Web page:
DELBERT J. BINGHAM« Back to Honorees
Delbert Bingham loved airplanes and desperately wanted to fly. When WWII broke out he volunteered to become a glider pilot, one of the most hazardous jobs in the military.
On September 17, 1944, Bingham took to the air in a fully loaded CG-4A Waco glider as part of Operation Market Garden, the largest airborne armada in history. This bold airborne invasion of Holland was a force of tens of thousands of paratroopers and glider soldiers. As Bingham and his buddies approached Nijmegen, Holland, he could see tug aircraft and gliders all around him taking hits. He watched a glider next to him spiral into the ground and explode.
Being towed at low level, he released his glider from the tug plane, and skidded roughly into a sugar beet patch. By nightfall Bingham and the 82nd Airborne glider soldiers around him had no idea how the battle was going. They kept careful watch until dawn as the sound of machine gun fire and tanks echoed through the darkness.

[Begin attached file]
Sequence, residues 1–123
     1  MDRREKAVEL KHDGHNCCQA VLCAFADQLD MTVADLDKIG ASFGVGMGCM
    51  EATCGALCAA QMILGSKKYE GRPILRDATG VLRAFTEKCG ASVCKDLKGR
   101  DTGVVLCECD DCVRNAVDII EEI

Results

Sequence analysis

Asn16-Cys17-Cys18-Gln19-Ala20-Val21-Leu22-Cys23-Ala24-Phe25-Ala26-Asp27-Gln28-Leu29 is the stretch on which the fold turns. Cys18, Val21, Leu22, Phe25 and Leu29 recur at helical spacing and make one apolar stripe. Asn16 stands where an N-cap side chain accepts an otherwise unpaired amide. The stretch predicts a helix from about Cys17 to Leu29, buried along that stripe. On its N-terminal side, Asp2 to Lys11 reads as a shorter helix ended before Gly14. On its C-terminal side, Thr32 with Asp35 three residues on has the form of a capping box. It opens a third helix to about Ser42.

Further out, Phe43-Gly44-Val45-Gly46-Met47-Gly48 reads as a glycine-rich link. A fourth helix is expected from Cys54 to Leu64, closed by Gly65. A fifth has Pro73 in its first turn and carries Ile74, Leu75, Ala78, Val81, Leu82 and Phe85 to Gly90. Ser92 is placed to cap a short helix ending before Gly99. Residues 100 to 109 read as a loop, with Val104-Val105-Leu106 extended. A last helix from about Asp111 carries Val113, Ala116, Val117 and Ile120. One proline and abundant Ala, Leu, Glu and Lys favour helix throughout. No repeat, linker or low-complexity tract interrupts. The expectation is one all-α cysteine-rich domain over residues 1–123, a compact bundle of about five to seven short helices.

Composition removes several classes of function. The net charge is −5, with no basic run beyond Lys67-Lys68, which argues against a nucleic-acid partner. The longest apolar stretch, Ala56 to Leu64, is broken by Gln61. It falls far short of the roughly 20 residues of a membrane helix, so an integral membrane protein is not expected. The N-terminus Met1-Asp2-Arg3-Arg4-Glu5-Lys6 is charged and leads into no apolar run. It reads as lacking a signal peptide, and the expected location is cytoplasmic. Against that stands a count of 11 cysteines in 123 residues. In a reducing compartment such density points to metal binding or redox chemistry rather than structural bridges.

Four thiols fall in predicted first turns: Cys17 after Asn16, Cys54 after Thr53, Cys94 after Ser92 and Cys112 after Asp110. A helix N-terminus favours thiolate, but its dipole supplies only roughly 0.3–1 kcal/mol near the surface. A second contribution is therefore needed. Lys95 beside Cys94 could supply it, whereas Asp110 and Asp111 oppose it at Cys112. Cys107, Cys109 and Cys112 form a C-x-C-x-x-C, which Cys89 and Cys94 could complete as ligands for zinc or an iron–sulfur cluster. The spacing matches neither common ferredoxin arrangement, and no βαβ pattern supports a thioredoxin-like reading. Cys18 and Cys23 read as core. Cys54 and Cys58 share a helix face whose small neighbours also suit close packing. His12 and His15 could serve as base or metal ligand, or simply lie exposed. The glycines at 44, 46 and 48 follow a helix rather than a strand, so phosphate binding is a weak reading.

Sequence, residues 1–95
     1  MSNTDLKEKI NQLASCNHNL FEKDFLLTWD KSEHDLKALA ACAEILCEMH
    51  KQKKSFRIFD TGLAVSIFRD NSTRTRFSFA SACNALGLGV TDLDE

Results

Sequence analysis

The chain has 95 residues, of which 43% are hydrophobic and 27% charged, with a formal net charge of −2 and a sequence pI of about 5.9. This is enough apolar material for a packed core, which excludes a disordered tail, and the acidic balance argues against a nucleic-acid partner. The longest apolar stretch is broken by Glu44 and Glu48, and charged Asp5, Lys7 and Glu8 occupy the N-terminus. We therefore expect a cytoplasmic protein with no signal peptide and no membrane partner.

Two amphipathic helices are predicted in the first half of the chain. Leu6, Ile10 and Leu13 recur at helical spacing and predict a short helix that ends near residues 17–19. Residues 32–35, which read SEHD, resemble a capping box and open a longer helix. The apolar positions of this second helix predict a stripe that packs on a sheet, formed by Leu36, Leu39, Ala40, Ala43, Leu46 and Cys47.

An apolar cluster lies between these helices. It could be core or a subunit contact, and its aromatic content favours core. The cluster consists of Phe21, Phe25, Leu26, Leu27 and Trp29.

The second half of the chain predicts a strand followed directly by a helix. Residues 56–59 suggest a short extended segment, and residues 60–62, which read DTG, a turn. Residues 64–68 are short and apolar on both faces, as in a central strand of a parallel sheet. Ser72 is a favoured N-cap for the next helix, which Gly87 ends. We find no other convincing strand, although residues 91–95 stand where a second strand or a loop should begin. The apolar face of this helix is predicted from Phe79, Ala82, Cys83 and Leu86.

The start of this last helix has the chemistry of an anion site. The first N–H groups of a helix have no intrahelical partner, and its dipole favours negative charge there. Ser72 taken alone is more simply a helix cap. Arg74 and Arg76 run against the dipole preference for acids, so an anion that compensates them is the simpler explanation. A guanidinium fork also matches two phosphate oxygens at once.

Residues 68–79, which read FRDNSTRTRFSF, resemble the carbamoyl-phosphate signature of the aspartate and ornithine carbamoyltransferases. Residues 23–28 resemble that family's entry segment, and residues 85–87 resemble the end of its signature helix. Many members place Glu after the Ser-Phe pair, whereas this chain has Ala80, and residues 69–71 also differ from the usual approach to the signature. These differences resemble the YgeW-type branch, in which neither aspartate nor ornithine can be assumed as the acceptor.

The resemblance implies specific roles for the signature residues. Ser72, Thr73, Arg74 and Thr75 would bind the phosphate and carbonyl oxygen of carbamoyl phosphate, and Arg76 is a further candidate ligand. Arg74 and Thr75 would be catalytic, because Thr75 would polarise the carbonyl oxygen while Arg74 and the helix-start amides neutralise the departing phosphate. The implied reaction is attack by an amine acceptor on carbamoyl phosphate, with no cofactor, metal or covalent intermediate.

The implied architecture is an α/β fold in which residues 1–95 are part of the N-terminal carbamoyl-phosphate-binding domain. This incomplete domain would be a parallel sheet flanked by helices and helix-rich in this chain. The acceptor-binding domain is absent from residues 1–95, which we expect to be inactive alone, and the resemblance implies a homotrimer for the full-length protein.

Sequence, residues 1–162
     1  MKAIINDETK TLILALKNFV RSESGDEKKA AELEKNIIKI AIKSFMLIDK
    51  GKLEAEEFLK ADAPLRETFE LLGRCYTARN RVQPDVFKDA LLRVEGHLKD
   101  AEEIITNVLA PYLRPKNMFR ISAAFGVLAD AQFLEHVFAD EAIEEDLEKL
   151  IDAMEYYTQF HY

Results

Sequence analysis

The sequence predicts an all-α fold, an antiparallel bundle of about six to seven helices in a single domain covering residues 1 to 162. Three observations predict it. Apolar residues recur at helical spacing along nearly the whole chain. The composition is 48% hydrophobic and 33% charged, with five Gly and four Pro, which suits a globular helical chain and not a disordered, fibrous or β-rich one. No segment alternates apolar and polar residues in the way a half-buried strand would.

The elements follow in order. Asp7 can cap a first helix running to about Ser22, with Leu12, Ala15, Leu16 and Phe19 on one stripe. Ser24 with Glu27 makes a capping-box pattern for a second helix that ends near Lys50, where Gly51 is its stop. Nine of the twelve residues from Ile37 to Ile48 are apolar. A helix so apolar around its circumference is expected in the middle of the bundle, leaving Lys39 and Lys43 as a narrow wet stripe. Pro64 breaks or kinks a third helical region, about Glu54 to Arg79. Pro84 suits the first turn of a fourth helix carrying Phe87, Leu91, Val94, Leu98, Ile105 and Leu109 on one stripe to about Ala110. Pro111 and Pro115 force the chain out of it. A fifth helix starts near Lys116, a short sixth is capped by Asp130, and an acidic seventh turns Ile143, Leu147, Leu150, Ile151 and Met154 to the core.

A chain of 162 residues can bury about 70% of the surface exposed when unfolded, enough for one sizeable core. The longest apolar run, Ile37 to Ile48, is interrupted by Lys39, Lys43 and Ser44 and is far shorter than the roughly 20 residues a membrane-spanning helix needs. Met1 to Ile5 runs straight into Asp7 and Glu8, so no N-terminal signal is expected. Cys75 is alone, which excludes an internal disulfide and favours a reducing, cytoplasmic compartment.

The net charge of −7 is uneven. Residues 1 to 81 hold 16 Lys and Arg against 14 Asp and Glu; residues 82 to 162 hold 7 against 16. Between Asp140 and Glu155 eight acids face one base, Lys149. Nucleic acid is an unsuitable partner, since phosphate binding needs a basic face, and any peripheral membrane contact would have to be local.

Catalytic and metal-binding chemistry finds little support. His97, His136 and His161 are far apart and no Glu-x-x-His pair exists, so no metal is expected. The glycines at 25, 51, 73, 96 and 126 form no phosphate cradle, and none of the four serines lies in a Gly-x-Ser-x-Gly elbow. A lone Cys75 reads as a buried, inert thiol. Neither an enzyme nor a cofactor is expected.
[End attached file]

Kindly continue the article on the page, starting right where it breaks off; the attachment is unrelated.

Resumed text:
For ten days Bingham lived in foxholes while fighting alongside the infantrymen. Soon the Americans gained the upper hand and Bingham and the other glider pilots started their trek, under fire, back to Belgium. During the next several months, Bingham made numerous flights into France, Belgium, and the Netherlands delivering infantrymen and supplies. For his service Bingham was awarded the Air Medal, a Distinguished Unit Badge with two oak-leaf clusters, and several other awards.